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What Component of Coal Causes Coal Workers’ Pneumoconiosis?

McCunney, Robert J. MD, MPH; Morfeld, Peter PhD; Payne, Stephen BS

Journal of Occupational & Environmental Medicine: April 2009 - Volume 51 - Issue 4 - pp 462-471
doi: 10.1097/JOM.0b013e3181a01ada
Original Articles

Objective: To evaluate the component of coal responsible for coal workers’ pneumoconiosis (CWP).

Methods: A literature search of PubMED was conducted to address studies that have evaluated the risk of CWP based on the components of coal.

Results: The risk of CWP (CWP) depends on the concentration and duration of exposure to coal dust. Epidemiology studies have shown inverse links between CWP and quartz content. Coal from the USA and Germany has demonstrated links between iron content and CWP; these same studies indicate virtually no role for quartz. In vitro studies indicate strong mechanistic links between iron content in coal and reactive oxygen species, which play a major role in the inflammatory response associated with CWP.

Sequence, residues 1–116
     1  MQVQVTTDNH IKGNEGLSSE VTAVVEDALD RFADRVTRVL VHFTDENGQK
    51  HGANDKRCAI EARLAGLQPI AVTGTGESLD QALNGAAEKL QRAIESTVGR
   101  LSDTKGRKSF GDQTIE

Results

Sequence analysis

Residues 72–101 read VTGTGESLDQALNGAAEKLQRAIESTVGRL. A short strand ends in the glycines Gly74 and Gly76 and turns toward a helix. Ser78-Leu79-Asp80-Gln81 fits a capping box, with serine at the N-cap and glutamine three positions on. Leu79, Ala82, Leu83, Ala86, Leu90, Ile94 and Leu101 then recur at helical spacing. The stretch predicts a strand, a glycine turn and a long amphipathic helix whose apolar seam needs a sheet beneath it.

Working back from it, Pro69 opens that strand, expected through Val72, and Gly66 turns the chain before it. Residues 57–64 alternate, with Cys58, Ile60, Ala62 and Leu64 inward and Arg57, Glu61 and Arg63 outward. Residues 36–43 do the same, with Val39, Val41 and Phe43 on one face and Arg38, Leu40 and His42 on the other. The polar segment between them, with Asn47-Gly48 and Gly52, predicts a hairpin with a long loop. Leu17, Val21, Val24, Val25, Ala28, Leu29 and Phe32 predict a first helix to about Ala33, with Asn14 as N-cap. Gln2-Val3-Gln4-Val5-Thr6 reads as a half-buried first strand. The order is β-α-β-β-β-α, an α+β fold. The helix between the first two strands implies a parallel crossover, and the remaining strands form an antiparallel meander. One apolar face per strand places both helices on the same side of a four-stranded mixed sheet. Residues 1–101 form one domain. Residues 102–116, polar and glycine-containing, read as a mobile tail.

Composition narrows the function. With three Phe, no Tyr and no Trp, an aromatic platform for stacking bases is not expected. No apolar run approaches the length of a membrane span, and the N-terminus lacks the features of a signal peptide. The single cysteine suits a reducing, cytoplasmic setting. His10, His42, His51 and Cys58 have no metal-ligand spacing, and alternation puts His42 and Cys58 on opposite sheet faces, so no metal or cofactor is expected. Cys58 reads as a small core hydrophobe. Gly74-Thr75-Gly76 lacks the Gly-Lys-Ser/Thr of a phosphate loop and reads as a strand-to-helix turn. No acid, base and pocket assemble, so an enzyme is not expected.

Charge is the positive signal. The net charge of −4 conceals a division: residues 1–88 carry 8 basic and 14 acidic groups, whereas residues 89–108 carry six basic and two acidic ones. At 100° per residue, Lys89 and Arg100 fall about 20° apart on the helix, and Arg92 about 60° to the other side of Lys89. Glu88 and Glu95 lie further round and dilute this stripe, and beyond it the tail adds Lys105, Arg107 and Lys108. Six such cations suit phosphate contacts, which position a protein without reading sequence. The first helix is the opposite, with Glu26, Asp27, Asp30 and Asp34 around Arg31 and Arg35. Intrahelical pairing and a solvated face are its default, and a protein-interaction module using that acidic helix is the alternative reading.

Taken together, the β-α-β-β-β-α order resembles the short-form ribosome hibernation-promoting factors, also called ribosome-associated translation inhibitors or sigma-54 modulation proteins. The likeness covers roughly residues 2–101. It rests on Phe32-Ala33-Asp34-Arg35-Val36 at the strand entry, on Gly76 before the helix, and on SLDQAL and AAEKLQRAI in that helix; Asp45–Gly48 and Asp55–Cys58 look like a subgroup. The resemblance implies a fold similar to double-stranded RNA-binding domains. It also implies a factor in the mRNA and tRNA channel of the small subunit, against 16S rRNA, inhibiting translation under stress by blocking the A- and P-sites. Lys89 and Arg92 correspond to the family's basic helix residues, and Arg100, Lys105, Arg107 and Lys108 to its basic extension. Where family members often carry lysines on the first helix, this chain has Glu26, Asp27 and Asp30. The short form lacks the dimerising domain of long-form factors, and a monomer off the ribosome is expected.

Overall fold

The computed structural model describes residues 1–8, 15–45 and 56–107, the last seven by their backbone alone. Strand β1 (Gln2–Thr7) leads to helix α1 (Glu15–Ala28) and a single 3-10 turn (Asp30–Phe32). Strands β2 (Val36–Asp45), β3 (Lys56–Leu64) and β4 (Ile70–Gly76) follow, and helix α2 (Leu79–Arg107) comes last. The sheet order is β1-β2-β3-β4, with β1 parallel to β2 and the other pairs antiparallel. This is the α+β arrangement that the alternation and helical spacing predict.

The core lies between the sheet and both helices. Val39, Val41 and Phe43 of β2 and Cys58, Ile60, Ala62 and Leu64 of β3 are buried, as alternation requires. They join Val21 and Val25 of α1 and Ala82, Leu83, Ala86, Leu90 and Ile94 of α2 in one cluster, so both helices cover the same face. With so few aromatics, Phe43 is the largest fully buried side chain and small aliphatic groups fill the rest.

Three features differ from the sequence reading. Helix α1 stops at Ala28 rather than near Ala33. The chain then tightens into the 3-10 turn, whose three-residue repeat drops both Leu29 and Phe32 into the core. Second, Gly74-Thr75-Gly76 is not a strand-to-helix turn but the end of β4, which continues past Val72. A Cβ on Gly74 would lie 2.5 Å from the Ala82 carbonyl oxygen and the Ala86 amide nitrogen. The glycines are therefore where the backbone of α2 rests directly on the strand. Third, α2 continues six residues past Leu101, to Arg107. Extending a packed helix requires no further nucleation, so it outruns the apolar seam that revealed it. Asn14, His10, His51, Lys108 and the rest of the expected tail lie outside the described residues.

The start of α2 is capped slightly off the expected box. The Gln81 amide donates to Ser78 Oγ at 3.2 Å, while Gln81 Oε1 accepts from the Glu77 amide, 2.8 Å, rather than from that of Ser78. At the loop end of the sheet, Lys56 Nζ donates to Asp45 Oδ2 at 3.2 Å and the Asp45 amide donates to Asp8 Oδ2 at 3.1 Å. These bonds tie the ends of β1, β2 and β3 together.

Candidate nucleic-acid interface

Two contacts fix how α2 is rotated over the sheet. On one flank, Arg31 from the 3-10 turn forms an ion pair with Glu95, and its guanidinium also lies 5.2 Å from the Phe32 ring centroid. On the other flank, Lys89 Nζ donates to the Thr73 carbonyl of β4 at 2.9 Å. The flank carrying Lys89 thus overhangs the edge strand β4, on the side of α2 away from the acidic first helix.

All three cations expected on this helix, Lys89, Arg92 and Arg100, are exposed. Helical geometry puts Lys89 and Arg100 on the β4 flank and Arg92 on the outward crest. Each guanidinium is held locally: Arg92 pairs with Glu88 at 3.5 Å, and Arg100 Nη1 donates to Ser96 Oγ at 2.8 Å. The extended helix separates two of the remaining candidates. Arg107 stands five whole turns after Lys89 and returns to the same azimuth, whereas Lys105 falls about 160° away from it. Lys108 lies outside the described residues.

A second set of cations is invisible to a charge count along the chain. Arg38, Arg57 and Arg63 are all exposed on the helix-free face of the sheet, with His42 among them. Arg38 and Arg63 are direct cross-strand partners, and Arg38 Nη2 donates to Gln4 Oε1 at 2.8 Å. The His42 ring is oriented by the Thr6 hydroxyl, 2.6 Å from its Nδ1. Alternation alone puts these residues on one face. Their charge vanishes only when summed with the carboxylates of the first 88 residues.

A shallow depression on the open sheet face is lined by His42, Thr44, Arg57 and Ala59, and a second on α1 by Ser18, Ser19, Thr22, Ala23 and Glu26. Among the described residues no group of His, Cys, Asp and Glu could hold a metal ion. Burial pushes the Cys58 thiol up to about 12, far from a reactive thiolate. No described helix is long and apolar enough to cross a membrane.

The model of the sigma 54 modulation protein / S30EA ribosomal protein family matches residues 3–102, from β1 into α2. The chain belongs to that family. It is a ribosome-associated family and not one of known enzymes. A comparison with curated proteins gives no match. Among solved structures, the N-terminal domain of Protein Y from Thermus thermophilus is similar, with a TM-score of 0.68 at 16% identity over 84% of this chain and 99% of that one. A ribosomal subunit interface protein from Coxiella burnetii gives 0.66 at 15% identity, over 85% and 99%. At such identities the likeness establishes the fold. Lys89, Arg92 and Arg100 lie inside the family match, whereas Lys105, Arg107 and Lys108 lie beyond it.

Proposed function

Conclusions: The active agent within coal appears to be iron, not quartz. By identifying components of coal before mining activities, the risk of developing CWP may be reduced.

From the Department of Biological Engineering (Dr McCunney, Mr Payne), Massachusetts Institute of Technology, Cambridge, Mass; Institute for Occupational Epidemiology and Risk Assessment (Dr Morfeld), Evonik Industries, Essen; and Institute for Occupational Medicine (Dr Morfeld), Cologne University, North Rhine—Westphalia, Germany.

There are no conflicts of interest.

Address correspondence to: Robert J. McCunney, MD, MPH, MS, Department of Biological Engineering, Massachusetts Institute of Technology, 77 Massachusetts Avenue, Room 16-771, Cambridge, MA 02139; E-mail: mccunney@mit.edu.

©2009The American College of Occupational and Environmental Medicine